The river belonged to Vicksburg, but not for long

Published 12:13 am Sunday, October 28, 2012

As John Pemberton boarded a train in Richmond, Va., to begin his long journey to Mississippi and a rendezvous with destiny, the residents of Vicksburg enjoyed a peaceful respite from the dangers of war they had endured in the summer of 1862.

Situated on the east bank of the Mississippi River, the city was named for the Methodist minister Newit Vick, who, in 1812, first viewed the “Father of Waters” from the heights on which the city now stands.

But it was the silent river that gave birth to the town and nourished its soil. Through industry and thrift, those who followed Vick tamed the land and traditionally yielded a bountiful harvest. An abundance of wood, cotton and foodstuffs soon ushered in brisk and profitable trade with other towns along the river and its tributaries. The steamboats that plied the river at Vicksburg came from New Orleans, Memphis, St. Louis, Louisville, Cincinnati and Pittsburgh and brought prosperity to the Hill City. Vicksburg quickly grew in wealth and charm to become by 1860 the second largest city in Mississippi, boasting a population of 5,000, and was considered among the most beautiful in the South.

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Although noted for its charm and beauty, it was the people of Vicksburg who gave the city its identity, its flavor. They were a mixture of people from across the South with a sprinkling of Northerners and immigrants from more than a score of foreign lands.

This diversity was reflected in every aspect of community life from agriculture to clothing, social customs to religion and made Vicksburg unique among the towns along the river.

“These people together with the agricultural community served by Vicksburg, supported almost one hundred shops, banks, stores, factories, and business houses,” wrote historian Peter Walker. “Wholesale grocers, commission merchants, and cotton brokers held the largest business interests in the city. Druggists, gunsmiths, tailors, jewelers, insurance salesmen, publishers, bookbinders, carriage-makers, stove- and boilermakers, photographers, bakers, confectioners, nurserymen, liquor dealers, and dressmakers catered to the legitimate wants and wishes of the community.”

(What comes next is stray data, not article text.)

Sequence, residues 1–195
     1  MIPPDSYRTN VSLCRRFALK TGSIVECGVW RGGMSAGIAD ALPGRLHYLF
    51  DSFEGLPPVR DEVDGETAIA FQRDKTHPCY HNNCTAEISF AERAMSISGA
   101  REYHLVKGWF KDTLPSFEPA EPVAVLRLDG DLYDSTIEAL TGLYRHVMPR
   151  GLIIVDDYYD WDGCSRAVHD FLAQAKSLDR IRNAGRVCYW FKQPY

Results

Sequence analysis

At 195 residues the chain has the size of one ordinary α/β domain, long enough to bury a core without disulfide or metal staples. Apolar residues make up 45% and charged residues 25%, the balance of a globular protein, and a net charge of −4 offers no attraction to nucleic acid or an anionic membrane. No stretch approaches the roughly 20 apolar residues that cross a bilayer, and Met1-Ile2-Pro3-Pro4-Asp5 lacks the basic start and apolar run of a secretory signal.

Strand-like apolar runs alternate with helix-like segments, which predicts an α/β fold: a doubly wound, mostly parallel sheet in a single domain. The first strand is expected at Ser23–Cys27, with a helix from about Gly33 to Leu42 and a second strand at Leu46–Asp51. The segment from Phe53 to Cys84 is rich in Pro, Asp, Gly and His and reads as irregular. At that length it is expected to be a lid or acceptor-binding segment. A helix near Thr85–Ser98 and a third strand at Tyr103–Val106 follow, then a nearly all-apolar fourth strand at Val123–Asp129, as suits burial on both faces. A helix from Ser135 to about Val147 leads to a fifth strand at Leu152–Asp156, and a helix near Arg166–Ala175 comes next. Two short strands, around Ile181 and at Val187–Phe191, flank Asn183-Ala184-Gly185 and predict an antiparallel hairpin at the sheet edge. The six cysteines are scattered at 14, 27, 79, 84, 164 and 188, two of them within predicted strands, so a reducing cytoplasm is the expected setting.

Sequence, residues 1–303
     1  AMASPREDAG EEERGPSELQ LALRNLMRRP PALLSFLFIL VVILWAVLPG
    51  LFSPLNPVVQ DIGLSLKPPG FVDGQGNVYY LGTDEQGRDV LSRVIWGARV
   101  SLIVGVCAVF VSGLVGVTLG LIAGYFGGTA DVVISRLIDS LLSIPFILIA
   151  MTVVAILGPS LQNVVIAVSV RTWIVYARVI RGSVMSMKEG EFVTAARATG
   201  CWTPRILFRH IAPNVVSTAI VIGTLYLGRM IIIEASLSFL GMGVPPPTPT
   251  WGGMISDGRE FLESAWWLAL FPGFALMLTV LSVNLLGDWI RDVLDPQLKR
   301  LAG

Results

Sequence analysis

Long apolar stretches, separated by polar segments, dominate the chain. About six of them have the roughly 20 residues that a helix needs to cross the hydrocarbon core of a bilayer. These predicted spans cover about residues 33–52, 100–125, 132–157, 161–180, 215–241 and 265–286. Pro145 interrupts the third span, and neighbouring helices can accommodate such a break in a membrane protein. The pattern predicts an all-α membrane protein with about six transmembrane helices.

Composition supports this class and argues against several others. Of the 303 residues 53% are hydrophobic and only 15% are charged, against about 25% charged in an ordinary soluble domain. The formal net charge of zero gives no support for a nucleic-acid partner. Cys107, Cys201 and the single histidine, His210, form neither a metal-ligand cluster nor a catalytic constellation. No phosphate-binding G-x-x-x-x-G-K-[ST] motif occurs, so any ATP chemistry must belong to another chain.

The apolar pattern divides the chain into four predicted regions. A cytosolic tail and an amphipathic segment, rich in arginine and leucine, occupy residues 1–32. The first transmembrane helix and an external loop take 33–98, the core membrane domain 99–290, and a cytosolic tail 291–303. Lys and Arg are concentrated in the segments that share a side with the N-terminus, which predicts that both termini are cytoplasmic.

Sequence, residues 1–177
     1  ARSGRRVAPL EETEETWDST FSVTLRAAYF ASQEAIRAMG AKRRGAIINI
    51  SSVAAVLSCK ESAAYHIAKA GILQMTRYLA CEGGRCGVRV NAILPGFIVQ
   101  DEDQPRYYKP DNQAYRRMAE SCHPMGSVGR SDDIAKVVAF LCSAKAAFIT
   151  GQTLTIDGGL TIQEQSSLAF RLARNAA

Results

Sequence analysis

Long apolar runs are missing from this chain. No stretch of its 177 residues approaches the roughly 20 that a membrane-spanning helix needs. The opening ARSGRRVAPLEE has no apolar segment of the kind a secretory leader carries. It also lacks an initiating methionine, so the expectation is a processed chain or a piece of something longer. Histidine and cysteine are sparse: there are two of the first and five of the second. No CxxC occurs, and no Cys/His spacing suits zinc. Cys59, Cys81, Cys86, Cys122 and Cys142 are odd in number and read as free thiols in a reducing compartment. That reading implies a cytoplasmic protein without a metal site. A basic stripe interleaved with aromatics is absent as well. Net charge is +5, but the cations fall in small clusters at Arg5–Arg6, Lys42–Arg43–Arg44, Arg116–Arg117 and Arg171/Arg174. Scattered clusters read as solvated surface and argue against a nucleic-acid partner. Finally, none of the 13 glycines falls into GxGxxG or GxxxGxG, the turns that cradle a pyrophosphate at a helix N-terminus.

There also were churches and civic organizations to suit any denomination or interests and hotels and brothels to fit any pocketbook. Professional men, as well, were abundant in Vicksburg, where lawyers, doctors and teachers all made a good living. The city also was home to political figures of renown on the state and national levels, most prominent of whom was the president — Jefferson Davis.

Among the residents we will come to know through this column are Emma Balfour, an attractive Vicksburg socialite; Margaret Lord, whose husband, William, was rector of Christ Episcopal Church; Lucy McRae, daughter of Warren County Sheriff William McRae; Mahala Roach; Anne Lake; Duff Green; Jenny Wilson; J.M. Swords; Dora Miller; and others who recorded their experiences.

Regardless of their station in life, those who lived or worked in Vicksburg enjoyed a special bond with the river — it was their river and every aspect of community life depended on the silent, majestic water.

Sara Ann Dorsey, who lived across the river in Louisiana, recognized and understood that bond and referred to the residents of Vicksburg as “the keepers of the river.” But just as the river gave life to the town, it would also bring the instrument of Vicksburg’s destruction.

Next: Safeguarding the city